Advanced manufacturers are actively pursuing the next frontier in production capabilities, which we refer to as Industry 4.0. Still largely in the conceptual stage, the next cycle of software integration, advanced digitization, and networking will harness “big data” feedback in real time from customers and suppliers, as well as information about the operation of the production machinery and the product as it is used. Today, for example, Apple’s iPhone can send diagnostic data back to the company about the way the operating system and hardware are performing. Production machines will be self-optimizing—able to look at what they are doing, change themselves to operate more effectively, and thus continually improve their own productivity, efficiency, speed, and flexibility. Managers and production workers will still be in charge, naturally, but they will be controlling software and processes, rather than the machinery itself.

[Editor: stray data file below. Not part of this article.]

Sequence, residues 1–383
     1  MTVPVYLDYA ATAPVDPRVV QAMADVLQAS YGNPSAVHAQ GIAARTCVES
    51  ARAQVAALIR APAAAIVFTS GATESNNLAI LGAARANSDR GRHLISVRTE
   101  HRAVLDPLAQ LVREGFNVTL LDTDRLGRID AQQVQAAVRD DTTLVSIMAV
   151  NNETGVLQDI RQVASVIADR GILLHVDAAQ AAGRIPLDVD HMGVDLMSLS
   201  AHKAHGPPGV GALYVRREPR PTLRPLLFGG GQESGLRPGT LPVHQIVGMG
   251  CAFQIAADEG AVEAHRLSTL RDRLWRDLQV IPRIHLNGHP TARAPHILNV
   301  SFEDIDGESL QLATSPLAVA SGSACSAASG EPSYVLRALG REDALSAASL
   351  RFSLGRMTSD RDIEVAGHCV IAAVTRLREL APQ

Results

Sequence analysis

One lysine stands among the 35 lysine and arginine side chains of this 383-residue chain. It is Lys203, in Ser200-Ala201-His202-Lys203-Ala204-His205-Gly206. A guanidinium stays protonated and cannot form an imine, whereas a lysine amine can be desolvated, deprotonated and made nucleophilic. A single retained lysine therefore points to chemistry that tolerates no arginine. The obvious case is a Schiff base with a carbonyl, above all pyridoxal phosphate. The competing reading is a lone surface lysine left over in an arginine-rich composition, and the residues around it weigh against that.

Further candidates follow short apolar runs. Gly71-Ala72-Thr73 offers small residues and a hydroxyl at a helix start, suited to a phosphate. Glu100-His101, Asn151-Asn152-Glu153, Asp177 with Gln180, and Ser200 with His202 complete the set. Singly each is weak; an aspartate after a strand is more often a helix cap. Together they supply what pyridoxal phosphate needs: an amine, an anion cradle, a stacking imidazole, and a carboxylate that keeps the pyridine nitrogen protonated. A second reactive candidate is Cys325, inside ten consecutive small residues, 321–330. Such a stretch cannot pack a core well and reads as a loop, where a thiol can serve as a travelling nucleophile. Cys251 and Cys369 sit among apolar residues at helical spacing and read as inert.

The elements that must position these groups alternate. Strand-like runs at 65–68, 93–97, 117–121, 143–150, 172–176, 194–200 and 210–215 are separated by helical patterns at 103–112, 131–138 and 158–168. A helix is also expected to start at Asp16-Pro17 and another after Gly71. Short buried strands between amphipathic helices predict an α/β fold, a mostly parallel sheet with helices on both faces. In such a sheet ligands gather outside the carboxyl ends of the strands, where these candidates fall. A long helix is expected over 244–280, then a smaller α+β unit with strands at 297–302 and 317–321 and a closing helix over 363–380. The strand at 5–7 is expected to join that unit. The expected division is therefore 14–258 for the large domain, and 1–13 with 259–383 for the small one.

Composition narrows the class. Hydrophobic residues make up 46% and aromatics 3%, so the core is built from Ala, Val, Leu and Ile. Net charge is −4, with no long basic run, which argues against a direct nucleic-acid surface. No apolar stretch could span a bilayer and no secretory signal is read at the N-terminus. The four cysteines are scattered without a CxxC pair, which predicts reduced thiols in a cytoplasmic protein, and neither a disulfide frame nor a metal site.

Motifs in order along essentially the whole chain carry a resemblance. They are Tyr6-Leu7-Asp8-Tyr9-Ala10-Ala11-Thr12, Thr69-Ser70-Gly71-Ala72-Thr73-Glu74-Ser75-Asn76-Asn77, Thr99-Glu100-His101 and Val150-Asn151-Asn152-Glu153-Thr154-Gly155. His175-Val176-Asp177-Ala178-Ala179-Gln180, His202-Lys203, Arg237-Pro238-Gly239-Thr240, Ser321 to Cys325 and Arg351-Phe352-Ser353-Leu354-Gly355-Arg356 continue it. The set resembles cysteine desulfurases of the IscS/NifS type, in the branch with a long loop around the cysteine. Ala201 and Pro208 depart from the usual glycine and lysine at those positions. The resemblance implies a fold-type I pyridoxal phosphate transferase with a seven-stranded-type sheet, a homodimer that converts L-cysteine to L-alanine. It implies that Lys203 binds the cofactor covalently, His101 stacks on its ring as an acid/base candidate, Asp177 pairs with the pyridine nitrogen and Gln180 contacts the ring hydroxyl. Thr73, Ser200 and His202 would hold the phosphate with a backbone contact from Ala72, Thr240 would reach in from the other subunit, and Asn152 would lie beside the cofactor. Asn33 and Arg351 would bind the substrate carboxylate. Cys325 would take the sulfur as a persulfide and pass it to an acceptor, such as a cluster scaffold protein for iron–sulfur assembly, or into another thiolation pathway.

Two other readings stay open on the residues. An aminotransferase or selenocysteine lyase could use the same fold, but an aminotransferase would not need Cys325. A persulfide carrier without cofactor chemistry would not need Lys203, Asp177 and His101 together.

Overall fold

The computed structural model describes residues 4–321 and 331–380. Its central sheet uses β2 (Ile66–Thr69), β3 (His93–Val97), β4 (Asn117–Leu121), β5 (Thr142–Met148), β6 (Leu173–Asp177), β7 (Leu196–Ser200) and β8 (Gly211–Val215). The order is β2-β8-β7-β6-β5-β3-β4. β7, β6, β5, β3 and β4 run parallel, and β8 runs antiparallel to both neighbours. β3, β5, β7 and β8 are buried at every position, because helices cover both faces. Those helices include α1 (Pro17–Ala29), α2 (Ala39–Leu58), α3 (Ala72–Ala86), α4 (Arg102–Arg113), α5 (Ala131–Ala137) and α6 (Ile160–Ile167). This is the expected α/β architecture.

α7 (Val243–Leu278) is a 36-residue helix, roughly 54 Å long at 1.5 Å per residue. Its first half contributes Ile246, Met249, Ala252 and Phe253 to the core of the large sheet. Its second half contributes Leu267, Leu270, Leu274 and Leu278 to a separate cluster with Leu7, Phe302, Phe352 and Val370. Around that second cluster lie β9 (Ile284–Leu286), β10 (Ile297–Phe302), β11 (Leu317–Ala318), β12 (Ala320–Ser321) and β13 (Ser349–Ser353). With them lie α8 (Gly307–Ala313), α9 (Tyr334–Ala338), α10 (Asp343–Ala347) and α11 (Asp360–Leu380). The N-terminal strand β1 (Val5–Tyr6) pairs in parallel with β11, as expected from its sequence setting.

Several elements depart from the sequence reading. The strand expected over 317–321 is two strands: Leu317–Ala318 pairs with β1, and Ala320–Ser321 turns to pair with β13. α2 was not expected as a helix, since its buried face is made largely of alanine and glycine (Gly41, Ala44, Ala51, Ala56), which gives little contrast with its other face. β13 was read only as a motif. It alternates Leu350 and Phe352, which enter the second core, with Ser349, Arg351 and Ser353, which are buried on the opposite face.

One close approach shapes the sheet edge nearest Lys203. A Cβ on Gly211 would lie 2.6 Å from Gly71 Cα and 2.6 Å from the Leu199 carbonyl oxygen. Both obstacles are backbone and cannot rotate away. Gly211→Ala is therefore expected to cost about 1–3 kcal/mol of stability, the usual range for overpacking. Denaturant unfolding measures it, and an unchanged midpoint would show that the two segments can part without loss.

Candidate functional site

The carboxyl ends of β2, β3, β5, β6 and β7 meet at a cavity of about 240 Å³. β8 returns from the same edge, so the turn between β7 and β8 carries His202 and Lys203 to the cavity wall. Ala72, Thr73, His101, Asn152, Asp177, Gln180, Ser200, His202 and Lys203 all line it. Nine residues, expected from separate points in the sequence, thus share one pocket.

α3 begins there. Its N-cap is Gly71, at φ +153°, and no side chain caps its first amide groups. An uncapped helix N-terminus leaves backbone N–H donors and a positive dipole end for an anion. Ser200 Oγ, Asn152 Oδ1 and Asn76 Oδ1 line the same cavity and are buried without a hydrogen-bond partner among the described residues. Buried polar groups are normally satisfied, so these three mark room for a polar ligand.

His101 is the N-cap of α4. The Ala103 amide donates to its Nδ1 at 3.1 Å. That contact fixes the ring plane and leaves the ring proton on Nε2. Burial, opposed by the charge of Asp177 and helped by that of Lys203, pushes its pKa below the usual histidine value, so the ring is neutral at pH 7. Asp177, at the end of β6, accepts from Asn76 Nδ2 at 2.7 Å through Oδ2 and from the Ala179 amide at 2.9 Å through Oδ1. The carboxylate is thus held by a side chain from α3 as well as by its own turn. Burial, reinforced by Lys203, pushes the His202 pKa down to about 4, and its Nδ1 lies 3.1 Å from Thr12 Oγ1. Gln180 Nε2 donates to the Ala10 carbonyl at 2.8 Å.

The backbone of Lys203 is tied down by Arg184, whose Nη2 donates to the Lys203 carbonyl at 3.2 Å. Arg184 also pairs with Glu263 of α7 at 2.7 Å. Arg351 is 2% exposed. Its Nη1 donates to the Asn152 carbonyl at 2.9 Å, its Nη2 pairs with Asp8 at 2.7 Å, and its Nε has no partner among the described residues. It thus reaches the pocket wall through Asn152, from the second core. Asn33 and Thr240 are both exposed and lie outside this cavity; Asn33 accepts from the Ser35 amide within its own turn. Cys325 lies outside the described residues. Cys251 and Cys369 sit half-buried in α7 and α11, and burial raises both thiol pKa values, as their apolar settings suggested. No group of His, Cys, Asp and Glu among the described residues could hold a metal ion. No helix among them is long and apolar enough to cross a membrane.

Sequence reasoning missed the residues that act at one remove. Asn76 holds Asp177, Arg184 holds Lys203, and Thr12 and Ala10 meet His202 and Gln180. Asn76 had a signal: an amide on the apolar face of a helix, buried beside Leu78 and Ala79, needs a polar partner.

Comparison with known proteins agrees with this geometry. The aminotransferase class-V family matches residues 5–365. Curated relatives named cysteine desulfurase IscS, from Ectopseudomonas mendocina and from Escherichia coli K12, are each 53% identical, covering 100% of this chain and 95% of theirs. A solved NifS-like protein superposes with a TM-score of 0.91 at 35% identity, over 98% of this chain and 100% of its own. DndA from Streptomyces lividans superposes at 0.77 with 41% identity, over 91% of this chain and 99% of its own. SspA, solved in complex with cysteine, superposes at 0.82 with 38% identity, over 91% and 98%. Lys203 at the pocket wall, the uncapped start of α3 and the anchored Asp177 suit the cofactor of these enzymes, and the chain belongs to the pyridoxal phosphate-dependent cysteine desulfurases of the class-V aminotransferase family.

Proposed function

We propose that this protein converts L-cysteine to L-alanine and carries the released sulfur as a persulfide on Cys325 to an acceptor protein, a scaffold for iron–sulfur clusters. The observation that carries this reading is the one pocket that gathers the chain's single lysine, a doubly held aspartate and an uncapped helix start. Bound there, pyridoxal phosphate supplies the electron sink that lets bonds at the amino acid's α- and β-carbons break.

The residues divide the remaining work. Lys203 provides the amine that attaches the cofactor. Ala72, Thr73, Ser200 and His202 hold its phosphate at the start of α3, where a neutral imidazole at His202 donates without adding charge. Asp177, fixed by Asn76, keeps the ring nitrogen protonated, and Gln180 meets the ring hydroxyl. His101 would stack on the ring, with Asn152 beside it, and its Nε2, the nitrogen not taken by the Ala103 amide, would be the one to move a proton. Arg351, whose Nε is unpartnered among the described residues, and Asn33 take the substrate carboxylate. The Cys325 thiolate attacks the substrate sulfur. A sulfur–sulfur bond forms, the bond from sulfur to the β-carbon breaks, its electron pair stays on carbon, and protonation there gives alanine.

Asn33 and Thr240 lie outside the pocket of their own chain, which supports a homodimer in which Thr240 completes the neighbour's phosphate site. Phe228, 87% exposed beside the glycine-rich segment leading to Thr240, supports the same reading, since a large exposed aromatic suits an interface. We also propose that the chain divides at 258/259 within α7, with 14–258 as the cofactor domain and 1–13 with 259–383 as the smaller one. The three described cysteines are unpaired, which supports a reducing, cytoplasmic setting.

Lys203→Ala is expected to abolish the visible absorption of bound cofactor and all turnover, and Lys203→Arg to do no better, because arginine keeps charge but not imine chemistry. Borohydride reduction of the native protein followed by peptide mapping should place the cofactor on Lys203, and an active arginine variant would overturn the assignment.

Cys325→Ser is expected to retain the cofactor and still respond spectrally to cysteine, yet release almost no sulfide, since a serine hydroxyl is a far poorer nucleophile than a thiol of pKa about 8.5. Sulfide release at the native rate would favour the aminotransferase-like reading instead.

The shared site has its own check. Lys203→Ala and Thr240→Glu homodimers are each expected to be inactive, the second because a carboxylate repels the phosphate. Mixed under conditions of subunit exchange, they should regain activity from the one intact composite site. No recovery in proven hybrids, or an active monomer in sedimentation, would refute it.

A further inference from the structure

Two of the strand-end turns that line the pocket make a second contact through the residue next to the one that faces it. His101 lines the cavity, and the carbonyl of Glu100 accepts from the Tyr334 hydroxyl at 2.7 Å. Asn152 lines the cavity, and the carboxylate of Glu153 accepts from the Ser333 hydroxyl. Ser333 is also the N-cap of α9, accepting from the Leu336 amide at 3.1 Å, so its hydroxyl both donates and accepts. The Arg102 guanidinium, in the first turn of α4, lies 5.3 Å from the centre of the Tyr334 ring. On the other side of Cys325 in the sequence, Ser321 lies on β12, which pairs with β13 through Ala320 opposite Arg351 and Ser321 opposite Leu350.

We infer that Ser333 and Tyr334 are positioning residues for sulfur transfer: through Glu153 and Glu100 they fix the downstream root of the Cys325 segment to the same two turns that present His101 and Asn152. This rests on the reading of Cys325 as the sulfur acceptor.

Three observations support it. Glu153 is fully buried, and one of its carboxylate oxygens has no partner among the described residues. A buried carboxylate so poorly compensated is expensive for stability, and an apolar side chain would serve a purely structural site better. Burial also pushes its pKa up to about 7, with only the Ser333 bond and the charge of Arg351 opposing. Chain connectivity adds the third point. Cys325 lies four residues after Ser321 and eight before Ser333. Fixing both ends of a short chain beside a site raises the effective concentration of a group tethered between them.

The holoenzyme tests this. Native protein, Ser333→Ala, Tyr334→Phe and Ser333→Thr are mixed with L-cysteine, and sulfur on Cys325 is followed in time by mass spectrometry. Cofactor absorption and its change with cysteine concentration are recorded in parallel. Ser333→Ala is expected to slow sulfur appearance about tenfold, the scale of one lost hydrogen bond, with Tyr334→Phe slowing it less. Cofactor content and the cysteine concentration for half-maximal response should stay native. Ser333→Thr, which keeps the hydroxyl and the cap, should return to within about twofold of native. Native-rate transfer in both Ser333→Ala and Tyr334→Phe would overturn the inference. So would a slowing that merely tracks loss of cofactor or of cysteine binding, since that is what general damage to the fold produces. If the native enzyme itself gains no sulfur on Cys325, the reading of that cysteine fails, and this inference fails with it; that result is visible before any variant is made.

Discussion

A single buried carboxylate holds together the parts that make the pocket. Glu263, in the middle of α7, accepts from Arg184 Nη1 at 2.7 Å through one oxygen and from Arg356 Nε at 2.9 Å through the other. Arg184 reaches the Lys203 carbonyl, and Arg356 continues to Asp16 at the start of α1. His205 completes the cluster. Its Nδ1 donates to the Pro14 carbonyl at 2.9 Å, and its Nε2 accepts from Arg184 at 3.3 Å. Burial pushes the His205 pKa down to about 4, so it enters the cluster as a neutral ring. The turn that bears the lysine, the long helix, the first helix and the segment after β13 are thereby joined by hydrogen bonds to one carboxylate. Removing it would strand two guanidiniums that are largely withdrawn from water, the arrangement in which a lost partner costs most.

All these advances depend on sophisticated software design and architecture, which explains why the U.S. is well positioned to succeed as the manufacturing transformation proceeds. The U.S. remains the most advanced country for software development: Sixty-five of the PwC Global Top 100 Software Leaders are headquartered in the U.S., and an analysis by the Business Software Alliance found that 79 percent of the $243 billion software revenue from the top 100 firms in 2011 was accounted for by U.S. companies. Clusters of software expertise exist in other countries, of course. Germany, for example, leads in shop-floor control software, because of the strong relationships between leading machine companies and control providers. India is known for its software-based services. But the U.S. leads in the particular kind of decision-support software architecture and programming that will be most essential in visualization, modeling, and other ways of integrating the virtual and real worlds of manufacturing. This lead arose partly from the country’s traditionally strong position in computer-science education and research, but also because of the culture of innovation, opportunity, and entrepreneurialism that grew up around the industry in Silicon Valley and has drawn the best talent from around the world. To preserve this advantage, however, the U.S. needs to take action.